See Brooklyn Bridge Park in its summer splendor

Eye On Real Estate

June 27, 2018 By Lore Croghan Brooklyn Daily Eagle
Lower Manhattan looks especially great in the early morning from Pier 1 in Brooklyn Bridge Park. Eagle photos by Lore Croghan

It is a truth universally acknowledged that Brooklyn Bridge Park is an Instagram mecca.

Some of the spots in this mecca that are most popular with photographers are kinda crowded now that summer’s here.

One hot spot is at the edge of the water on Pier 1, near the area where NYC Ferry riders line up to wait for boat arrivals. Photos taken there capture iconic views of the World Trade Center, Lower Manhattan’s skyline, the East River and the Brooklyn Bridge.

News for those who live, work and play in Brooklyn and beyond

We’ve been trying to figure out the optimal times to take pictures on Pier 1 during the summer. We discovered an ideal moment — if you don’t mind getting out of bed early on a weekend. It’s 7:30 a.m. on Sunday.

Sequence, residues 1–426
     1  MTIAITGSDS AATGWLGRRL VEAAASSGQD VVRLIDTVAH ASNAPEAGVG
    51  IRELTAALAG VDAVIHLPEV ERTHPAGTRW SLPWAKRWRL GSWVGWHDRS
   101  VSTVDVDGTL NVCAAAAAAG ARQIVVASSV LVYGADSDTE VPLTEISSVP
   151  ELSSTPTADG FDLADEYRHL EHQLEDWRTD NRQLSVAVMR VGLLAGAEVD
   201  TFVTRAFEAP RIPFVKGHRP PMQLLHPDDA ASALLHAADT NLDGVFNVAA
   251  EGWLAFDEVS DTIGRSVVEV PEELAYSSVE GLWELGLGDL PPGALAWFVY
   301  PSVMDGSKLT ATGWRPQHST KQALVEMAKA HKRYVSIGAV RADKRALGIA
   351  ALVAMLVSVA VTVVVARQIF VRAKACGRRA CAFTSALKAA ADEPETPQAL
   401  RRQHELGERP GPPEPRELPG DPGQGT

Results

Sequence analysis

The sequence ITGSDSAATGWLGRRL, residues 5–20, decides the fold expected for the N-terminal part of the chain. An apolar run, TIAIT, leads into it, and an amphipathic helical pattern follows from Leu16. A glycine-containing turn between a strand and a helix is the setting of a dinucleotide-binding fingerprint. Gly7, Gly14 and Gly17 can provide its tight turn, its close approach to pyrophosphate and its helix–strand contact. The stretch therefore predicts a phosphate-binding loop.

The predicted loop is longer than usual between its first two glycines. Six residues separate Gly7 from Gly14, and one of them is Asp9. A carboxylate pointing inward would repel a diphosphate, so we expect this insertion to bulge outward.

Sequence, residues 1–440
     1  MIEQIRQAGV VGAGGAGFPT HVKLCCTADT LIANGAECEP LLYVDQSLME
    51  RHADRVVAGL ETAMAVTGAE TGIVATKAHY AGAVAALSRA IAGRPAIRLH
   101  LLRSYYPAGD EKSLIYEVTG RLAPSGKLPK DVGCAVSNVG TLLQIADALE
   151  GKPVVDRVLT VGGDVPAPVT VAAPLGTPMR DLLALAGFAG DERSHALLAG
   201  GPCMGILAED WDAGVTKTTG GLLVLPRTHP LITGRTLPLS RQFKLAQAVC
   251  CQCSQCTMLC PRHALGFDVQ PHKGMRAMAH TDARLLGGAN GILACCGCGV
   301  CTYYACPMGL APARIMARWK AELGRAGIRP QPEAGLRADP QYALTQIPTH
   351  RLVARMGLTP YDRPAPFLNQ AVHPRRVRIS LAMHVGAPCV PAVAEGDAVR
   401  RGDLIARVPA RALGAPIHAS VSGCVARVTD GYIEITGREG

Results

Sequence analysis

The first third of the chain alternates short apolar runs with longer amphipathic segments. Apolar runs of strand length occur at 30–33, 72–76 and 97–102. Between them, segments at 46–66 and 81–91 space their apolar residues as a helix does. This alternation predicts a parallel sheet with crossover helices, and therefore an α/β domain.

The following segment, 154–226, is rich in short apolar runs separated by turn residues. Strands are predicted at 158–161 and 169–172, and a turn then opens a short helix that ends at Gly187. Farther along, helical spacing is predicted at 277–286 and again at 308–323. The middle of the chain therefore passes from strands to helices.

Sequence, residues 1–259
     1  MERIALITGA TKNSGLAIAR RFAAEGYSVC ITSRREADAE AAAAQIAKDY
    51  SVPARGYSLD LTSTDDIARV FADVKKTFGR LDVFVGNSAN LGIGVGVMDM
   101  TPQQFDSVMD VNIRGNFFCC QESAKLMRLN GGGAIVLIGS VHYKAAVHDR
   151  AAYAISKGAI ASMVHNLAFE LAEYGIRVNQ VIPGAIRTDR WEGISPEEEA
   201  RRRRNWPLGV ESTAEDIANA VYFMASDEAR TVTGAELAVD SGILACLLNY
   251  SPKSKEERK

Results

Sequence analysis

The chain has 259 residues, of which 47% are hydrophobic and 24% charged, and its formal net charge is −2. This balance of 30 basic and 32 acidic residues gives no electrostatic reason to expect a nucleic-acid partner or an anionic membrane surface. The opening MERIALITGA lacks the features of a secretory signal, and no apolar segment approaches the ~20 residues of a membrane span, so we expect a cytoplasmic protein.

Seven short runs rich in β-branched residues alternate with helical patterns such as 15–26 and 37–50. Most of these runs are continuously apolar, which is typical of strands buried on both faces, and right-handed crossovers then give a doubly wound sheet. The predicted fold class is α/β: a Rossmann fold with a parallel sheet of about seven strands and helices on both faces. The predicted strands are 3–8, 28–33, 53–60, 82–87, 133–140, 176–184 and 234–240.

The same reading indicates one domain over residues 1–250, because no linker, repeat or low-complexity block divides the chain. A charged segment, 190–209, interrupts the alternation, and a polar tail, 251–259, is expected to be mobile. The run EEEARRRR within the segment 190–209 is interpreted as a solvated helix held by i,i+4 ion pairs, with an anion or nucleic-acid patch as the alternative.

The ferry’s commuter crowds are absent. Most people are getting ready for church or sleeping after Saturday night revelry. You’ll have Pier 1 pretty much to yourself. The stillness is deeply calming.

You should check weather reports beforehand — because if you’re giving up the opportunity to sleep late, you should be rewarded by getting to see what early-morning sunlight looks like on the East River. It adds a silvery sheen to the beloved World Trade Center and other Lower Manhattan skyscrapers.

The entire Brooklyn Bridge Park is looking pretty great now that it’s summer, no matter what time of day it is or what part of its acreage you visit.

Fulton Ferry Landing’s historic fireboat house, which is used by the Brooklyn Ice Cream Factory, is always an eye-catcher.

So is Jane’s Carousel.  

The pebbly beach near the Manhattan Bridge is inviting, even when bright afternoon sun makes photos taken there less than perfect.

At day’s end, you should head back to Pier 1. Between 7:15 p.m. and 7:45 p.m., various spots along its shoreline afford views of Lower Manhattan’s skyscrapers framing the blazing sun as it drops towards the horizon.

The towers are like an urban version of Stonehenge.


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